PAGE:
The 2020 strategy for the Republican Party of Texas was recently unveiled — to Texas Democrats. The Dallas Morning News reports that a draft of the GOP plan ended up in Democratic emails Monday night, and it includes a list of 12 targeted state house districts and a preliminary digital advertising plan to attack Democrats. Their strategist memo also had a clause about potential decreased GOP turnout due to "Never Trumpers," and a suggestion to prepare to target these voters to still vote for Republicans down ballot, reports Navarro.
"Given the polarizing nature of the President, I suspect some Republicans will refuse to turnout during the General Election because they don't want to vote for him, though I don't know that we will know what this universe would look like without us or a stakeholder creating a model. Regardless, I suggest we set up a contingency budget to target these folks with mailers, digital ads, and texts to encourage them to turnout for U.S. Senate, State Senate, State House, and so on," a draft obtained by CBS News political unit associate producer Eleanor Watson read.
The reveal comes as Republicans begin to shore up their defenses in Texas. President Trump has held two rallies so far this year, and the Texas GOP has previously released its own voter registration and engagement efforts. In a statement, Texas Republicans Chairman James Dickey responded to the story and said that "it's revealing that the Dallas Morning News reporter thinks that's newsworthy…We at the Republican Party of Texas are working on winning races all across Texas and growing support among both Republican and swing voters."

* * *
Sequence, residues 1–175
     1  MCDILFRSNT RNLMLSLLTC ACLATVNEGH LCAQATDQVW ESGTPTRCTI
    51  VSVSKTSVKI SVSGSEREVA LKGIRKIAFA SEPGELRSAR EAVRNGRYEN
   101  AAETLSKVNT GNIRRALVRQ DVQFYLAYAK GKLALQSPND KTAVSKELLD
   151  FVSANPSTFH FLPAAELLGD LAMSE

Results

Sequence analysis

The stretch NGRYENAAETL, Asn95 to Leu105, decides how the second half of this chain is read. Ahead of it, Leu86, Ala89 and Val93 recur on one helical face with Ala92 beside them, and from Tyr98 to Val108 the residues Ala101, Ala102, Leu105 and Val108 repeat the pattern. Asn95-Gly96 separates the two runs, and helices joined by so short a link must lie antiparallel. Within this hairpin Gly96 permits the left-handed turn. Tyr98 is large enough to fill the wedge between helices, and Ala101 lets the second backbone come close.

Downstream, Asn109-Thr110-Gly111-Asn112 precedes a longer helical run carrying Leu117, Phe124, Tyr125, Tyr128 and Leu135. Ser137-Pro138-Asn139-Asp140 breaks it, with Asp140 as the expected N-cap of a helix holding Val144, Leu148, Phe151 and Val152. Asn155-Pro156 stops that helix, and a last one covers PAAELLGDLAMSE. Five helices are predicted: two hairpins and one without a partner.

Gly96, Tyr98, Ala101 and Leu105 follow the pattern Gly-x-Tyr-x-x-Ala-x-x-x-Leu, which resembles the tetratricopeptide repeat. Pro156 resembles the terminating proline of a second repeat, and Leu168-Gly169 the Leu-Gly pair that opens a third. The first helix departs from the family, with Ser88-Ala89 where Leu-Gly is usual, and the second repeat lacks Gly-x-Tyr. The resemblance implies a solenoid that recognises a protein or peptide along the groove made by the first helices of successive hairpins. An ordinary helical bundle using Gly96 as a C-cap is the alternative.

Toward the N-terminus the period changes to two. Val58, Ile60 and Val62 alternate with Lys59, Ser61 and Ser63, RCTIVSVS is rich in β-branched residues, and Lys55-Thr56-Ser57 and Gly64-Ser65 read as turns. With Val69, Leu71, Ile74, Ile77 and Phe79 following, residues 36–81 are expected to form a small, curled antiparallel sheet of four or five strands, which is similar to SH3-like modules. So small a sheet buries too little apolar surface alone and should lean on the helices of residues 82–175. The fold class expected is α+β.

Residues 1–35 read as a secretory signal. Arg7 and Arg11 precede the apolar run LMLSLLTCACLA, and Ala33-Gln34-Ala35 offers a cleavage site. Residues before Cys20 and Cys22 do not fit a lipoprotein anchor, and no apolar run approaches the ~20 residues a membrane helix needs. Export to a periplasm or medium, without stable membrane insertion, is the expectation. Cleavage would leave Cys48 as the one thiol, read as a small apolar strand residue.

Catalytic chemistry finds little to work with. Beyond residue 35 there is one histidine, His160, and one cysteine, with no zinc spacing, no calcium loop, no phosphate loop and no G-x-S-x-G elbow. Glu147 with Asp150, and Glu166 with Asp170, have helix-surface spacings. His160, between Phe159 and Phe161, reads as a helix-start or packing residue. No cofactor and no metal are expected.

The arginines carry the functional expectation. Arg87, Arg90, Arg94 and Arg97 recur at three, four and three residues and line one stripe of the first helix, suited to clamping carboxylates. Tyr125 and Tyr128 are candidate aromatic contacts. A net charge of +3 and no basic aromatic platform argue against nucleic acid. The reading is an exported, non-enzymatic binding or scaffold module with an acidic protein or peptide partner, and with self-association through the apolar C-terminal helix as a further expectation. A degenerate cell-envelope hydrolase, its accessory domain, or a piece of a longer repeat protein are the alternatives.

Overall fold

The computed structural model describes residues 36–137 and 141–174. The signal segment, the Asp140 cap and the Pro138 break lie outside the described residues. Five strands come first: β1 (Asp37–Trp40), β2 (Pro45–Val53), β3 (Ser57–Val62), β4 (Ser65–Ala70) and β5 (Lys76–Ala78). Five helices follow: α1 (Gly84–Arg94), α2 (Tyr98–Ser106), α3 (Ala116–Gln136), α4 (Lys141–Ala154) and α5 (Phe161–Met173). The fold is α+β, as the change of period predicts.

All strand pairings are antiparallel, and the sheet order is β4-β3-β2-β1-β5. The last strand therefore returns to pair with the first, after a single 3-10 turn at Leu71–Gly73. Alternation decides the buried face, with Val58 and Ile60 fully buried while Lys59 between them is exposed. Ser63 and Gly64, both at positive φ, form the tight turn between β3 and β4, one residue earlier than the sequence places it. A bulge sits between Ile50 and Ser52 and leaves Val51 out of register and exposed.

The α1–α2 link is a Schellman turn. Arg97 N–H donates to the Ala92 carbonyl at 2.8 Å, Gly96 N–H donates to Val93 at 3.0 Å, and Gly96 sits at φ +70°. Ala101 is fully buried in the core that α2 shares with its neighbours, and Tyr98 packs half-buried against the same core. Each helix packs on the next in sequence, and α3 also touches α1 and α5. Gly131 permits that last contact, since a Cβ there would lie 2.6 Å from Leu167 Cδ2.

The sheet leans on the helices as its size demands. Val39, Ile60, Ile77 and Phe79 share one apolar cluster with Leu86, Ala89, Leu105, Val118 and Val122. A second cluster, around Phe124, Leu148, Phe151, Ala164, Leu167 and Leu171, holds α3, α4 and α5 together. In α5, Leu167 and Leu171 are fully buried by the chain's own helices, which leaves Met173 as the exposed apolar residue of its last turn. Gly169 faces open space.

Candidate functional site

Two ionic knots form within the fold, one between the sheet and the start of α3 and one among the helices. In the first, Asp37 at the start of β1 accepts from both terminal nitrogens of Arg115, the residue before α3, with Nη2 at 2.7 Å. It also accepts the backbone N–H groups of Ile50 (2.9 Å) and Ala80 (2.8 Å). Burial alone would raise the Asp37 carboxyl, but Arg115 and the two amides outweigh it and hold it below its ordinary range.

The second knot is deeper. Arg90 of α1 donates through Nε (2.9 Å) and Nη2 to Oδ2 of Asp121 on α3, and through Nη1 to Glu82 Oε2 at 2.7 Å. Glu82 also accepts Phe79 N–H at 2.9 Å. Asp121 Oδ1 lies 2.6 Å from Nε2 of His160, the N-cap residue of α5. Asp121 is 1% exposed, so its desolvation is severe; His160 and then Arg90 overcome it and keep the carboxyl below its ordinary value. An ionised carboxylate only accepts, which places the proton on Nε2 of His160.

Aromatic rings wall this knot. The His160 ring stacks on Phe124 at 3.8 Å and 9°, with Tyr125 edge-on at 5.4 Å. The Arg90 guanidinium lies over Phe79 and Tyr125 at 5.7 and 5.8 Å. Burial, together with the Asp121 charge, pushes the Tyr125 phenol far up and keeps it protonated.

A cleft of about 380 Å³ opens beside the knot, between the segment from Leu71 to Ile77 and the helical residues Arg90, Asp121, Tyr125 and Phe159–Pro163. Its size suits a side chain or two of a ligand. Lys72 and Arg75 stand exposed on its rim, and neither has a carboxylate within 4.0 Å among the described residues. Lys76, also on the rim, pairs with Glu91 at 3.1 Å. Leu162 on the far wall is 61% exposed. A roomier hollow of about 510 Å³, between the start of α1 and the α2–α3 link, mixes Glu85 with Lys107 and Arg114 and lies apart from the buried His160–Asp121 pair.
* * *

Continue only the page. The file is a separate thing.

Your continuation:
A Republican National Committee spokesperson said, "President Trump enjoys historic support among Republicans. Any assertion to the contrary is simply a fool's errand."
The strategy outlined in the state party memo also includes hiring four digital field representatives across the state, buying domain names of Democratic candidates to redirect people to "negative hits," and rapid response to be deployed when national Democratic candidates come to Texas. It also says a goal is to showcase diversity within Republican candidates through video releases on social media.
Texas Democrats aim to flip the state blue across the ballot, especially the state House in 2020. They are currently within nine seats of the majority and are looking to bring that down to eight in January's special election for House District 28.